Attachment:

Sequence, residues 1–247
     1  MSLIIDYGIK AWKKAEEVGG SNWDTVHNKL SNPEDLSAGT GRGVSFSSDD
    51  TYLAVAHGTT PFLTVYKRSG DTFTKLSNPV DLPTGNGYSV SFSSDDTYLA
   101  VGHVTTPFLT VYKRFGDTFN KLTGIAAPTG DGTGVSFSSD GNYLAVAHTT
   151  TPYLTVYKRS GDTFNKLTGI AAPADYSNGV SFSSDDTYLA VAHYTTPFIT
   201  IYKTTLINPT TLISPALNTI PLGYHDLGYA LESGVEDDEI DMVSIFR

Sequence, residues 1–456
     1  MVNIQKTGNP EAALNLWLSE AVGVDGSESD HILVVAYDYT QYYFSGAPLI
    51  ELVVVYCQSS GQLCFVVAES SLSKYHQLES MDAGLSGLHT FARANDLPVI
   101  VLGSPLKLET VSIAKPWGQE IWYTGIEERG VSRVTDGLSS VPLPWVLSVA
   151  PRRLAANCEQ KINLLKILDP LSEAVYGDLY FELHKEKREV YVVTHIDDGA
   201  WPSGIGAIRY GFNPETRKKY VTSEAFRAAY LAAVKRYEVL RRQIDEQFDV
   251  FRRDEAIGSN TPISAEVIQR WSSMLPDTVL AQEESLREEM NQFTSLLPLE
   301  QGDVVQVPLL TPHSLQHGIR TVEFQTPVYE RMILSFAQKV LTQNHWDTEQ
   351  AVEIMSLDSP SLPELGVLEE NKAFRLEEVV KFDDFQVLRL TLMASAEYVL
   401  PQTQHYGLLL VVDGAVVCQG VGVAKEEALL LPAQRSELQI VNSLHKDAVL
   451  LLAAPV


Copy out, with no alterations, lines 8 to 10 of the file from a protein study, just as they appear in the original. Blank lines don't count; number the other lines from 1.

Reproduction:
     1  MVNIQKTGNP EAALNLWLSE AVGVDGSESD HILVVAYDYT QYYFSGAPLI
    51  ELVVVYCQSS GQLCFVVAES SLSKYHQLES MDAGLSGLHT FARANDLPVI
   101  VLGSPLKLET VSIAKPWGQE IWYTGIEERG VSRVTDGLSS VPLPWVLSVA